Rail Safety Advisory Letter 617-03/21
2 November 2021
City of Ottawa
110 Laurier Avenue West
Ottawa, Ontario K1P 1J1
Rail Safety Advisory letter 617-03/21 (TSB occurrence R21H0121)
Work procedures for Ottawa Light Rail Transit vehicle maintenance
On 14 September 2019, Ottawa Light Rail Transit (OLRT) Stage 1 commenced operation in Ottawa, Ontario. The vehicle selected for OLRT operations was the Citadis Spirit light rail vehicle (LRV) manufactured by Alstom and mounted on Iponam bogiesFootnote 1 (figures 1 and 2). OLRT connects 2 LRVs together and operates them as 1 commuter train.
Each motor bogie is equipped with 2 motors—1 on each side of the bogie. Power from each motor is transmitted to a drive wheel through a gearbox that interconnects with a splined axle stub, also referred to as a reducer hub, which is secured to the wheel hub with 12 bolts (Figure 3). Disc brake rotors are attached to the wheel hub opposite the drive wheel of each motor bogie wheel set (Figure 4), and to each wheel of the trailer bogies. The rotors are also secured to the wheel hub with 12 bolts.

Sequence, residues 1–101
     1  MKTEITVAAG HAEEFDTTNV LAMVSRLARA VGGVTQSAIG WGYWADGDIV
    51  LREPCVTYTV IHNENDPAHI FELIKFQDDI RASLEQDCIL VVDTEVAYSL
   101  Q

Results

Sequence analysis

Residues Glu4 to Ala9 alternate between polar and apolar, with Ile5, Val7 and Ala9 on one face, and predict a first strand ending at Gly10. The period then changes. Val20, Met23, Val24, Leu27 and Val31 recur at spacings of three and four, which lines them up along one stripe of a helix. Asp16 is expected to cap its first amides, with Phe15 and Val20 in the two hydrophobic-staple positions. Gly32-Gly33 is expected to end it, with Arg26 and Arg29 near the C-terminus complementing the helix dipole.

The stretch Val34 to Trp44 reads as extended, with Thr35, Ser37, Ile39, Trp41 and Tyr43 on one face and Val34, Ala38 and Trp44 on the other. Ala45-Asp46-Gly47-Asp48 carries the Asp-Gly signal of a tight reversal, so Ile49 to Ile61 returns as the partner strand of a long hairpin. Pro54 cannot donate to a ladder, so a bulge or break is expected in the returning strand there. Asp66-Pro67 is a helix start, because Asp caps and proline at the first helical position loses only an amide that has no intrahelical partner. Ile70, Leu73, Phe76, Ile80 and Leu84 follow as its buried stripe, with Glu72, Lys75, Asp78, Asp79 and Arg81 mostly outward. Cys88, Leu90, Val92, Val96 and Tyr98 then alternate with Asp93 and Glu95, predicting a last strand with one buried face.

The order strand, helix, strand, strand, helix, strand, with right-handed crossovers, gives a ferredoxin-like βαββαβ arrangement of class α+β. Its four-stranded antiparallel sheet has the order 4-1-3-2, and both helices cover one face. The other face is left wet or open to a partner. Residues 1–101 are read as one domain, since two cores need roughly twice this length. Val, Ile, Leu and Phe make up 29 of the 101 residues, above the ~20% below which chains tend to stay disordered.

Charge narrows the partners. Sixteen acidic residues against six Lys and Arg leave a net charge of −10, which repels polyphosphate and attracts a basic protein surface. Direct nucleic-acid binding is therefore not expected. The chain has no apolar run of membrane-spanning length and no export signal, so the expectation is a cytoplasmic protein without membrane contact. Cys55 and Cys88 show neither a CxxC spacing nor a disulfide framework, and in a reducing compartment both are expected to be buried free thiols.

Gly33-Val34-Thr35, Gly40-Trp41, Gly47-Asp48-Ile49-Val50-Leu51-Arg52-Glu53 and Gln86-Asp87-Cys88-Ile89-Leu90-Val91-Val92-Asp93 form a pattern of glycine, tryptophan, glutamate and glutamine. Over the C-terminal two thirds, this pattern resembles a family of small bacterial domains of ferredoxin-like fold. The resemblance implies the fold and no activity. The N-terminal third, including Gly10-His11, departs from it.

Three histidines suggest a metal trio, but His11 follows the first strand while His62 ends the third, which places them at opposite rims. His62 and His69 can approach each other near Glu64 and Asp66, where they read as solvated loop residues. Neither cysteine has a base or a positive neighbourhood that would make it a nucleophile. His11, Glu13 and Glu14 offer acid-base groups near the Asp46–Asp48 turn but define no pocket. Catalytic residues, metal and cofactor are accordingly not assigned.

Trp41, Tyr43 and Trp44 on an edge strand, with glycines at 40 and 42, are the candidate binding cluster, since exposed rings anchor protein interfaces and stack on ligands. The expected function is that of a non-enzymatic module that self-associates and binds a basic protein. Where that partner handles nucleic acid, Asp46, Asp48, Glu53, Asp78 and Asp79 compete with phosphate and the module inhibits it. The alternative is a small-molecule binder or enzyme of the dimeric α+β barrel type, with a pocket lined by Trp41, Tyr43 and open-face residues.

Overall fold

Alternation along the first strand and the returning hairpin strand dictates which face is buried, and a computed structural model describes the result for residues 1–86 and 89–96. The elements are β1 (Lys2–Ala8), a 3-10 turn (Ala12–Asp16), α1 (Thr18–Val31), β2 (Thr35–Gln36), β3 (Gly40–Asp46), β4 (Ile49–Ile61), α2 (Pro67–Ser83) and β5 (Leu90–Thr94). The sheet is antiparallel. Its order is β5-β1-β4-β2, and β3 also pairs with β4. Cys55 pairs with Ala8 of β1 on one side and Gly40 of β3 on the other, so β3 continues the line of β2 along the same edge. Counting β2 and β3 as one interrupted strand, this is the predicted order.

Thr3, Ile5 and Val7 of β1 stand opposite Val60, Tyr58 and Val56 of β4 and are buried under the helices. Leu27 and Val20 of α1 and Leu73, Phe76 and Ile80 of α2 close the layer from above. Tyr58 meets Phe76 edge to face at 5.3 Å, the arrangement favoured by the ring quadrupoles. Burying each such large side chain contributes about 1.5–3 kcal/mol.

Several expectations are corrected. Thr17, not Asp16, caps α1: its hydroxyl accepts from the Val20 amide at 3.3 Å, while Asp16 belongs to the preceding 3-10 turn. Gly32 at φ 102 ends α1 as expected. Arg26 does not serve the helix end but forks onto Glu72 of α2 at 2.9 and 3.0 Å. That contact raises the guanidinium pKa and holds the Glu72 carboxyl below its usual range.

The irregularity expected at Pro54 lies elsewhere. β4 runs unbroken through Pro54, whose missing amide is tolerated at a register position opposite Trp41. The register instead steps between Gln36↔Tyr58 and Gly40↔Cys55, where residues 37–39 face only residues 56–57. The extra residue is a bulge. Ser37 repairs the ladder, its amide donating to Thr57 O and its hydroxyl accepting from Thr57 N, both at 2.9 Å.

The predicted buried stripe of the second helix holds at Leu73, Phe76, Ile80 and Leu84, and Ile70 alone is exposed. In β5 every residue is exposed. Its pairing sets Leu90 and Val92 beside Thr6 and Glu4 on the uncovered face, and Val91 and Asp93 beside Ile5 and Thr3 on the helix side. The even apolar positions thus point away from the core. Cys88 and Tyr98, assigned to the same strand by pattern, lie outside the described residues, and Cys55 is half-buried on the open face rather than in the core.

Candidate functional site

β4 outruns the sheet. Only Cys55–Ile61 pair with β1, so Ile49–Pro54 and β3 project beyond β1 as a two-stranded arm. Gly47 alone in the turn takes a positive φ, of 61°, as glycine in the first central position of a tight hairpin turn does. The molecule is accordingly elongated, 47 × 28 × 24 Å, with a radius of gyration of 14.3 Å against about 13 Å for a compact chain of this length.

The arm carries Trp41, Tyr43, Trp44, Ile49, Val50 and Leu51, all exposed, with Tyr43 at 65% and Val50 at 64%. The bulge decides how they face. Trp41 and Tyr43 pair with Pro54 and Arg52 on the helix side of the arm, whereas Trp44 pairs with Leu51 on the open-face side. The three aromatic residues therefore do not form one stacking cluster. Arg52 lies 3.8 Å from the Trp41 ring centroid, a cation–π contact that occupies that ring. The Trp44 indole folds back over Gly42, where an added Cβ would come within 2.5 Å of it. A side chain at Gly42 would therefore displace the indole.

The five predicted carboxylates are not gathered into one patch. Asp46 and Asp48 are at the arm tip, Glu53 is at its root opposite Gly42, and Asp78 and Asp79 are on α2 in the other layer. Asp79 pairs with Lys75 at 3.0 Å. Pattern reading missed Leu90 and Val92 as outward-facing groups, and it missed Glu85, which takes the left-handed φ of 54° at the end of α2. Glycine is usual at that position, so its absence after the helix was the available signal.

Ottawa Light Rail Transit main-track train derailment on 08 August 2021
On 08 August 2021 at about 2034,Footnote 2 an eastbound OLRT commuter train was proceeding from the north track to the south track over the SW-302 south crossover switch at a speed of about 30 km/h. Subsequently, it derailed about 90 m east of Tunney’s Pasture Station in Ottawa. It was determined that the No. 3 wheel on LRV 1119 severed from the axle due to a previously undetected catastrophic roller bearing failure and subsequent axle journal burn-off. There were no passengers on board at the time of the occurrence (TSB occurrence No. R21H0099).Footnote 3
Following the LRV 1119 derailment, the entire OLRT LRV fleet was grounded while cartridge assembly axial end play clearance measurements were completed on the fleet (20 per LRV). Measured clearances in excess of 0.1 mm required the cartridge assembly to be replaced with a new assembly. A new periodic inspection was implemented to measure axial end play clearance on all LRVs every 7500 km, on an ongoing basis.